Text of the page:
If you’re at all familiar with chess, you know that AI has long been dominant in the game compared to humans. Most Grandmasters and Super Grandmasters of chess now utilize Artificial Intelligence to analyze their own games to find mistakes and areas to improve. But playing and practicing against AI is very different than playing against a person, especially for lower rated players (newer to the game.)
This is because strong chess engines spot difficult combinations very easily and engines have no mating patterns or positional set-ups to rely on or to hold them back. A strong player is inclined to move toward these patterns and set-ups while an engine will be able to spot weird un-positional moves that don’t make much sense to a human player. Engines have no preference for normal or known positions, if it sees something better, it will play it. This can lead to a lot of odd looking moves. Every beginner learns to simplify the board and remove extra pieces to get to a less complicated ending. Engines do not worry about this as they never lose track or blunder pieces in the complexity. Though engines do have some issues with strong defensive positions (fortress) and that will be able to show best between a human player and engine. In time, it can be expected that engines will be able to work through these positions as well.
Introducing Maia Chess, a human-like neural chess engine designed to play the human move. Maia is an engine that learns from human games instead of self-play games, with the goal of making the most human move and not most optimal. Leela and Stockfish are other engines that try to match human moves, but they only reach 43% and 38% respectively. Maia on the other hand predicts up to 53% of player moves and as result is the most natural, human-like chess engine to date. Maia was developed using code adapted from Leela which in turn is an open-source clone of Alpha Zero, a revolutionary AI program created by DeepMind.
There are 9 trained versions of Maia, one for each Elo milestone between 1100 and 1900. Each version is only trained on human players of the same ranking, so Maia 1900 is trained only on games of 1900-rated players. Each version has learned from 12 million human games and is still learning by playing real players at Lichess, a popular online chess server.
In current work, Maia is being pushed to predict the moves a particular human player would make. By starting with a base model and training the model on a specific player’s games they are able to personalize the engine. This has given the engine the highest results and raises the accuracy to 65% for the particular player.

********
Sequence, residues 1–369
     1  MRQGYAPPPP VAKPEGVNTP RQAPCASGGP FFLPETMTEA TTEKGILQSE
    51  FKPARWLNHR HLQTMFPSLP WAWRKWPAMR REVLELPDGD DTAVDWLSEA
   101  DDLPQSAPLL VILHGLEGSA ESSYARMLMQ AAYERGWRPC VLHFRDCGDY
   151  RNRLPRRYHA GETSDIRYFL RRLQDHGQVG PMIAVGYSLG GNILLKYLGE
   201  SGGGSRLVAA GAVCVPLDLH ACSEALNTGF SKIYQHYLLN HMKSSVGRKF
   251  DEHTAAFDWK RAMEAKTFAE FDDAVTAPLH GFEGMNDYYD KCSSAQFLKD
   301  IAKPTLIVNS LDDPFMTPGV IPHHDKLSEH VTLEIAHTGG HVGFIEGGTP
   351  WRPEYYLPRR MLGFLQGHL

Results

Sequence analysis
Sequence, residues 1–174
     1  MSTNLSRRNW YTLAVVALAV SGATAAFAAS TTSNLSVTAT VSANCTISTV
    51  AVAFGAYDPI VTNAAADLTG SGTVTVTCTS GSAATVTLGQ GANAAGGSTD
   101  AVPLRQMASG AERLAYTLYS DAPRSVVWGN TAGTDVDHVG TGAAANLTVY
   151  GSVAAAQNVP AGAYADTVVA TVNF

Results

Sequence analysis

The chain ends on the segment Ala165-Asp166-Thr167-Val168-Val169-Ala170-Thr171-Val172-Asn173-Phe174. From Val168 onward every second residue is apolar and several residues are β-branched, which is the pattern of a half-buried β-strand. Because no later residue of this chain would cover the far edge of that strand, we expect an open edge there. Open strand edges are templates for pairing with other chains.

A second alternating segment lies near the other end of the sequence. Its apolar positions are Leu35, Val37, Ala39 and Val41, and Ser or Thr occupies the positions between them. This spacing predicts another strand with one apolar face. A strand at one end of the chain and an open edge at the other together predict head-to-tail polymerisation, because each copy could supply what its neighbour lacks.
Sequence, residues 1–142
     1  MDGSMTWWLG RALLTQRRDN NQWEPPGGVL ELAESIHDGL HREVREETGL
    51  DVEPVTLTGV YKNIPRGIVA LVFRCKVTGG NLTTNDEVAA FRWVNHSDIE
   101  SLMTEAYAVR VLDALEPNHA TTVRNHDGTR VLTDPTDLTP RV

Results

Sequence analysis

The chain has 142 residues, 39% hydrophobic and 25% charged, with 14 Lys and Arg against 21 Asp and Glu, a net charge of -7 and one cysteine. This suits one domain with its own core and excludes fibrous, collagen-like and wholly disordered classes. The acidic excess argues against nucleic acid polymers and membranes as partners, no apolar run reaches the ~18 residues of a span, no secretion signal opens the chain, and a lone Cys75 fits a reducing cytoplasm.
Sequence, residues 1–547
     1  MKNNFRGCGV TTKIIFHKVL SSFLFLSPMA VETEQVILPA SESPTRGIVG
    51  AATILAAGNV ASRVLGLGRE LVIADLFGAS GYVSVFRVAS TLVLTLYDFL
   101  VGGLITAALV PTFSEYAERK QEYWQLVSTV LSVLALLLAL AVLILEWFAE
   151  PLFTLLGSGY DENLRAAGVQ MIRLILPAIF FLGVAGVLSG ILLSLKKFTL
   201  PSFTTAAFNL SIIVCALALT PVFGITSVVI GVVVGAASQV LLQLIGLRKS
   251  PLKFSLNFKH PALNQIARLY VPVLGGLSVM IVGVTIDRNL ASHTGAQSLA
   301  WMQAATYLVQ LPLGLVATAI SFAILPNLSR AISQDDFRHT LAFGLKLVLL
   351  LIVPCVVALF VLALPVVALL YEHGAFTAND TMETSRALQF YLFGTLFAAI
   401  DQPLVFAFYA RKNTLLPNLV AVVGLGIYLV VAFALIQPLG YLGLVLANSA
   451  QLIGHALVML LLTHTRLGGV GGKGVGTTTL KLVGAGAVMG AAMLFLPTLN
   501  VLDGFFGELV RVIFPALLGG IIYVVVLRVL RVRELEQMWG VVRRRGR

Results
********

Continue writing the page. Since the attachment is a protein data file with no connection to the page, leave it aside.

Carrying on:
What does it mean?
Chess is a great way to develop and study AI. It’s popular, has well-defined rules, and it has not yet been fully solved. Many poeple know the game and AI researchers use it as a “model system” to study new ideas or techniques.
Chess players have their own playing styles, so it can be more difficult to predict their moves over the best possible move due to the astronomical amount of potential chess positions. Even the same player may make a difference move on a position that they have already seen for any various number of reasons.
Having a chess engine that plays the same way a human does at a specific Elo is a great way for players to practice and improve their own play. A normal chess engine at a specific Elo will still play like a chess engine but just make more intentional mistakes. Maia will play like a real human player and will give players a more genuine experience.
When using a particular players games for Maia to analyze and learn from, it raises the prediction rates even higher. So for more professional players that want to practice against another competitor, it will be possible for them to compile all their online games into the engine and have Maia imitate them. Allowing for a more personal training session than could be given in any other way.
Line of Research
This line of research into an AI that tries to be more human can eventually be used elsewhere as technology improves. Being able to have training/teaching software with an AI that understands which parts humans have most trouble with and what solutions have the best results to raise proficiency. For AI systems to be able to behave in more humanlike ways will allow for more people to understand how AI systems work. It can make it more acceptable for AI systems to be accepted in the future. Instead of the idea that AI systems will replace people, it will be a way for AI to be used to augment humans
Garry Kasparov, the former world chess champion, lost to the IBM’s Deep Blue over 20 years ago and he believes that AI can make us ‘more human.’ Which is definitely a thought provoking statement and would love to hear what others think about it.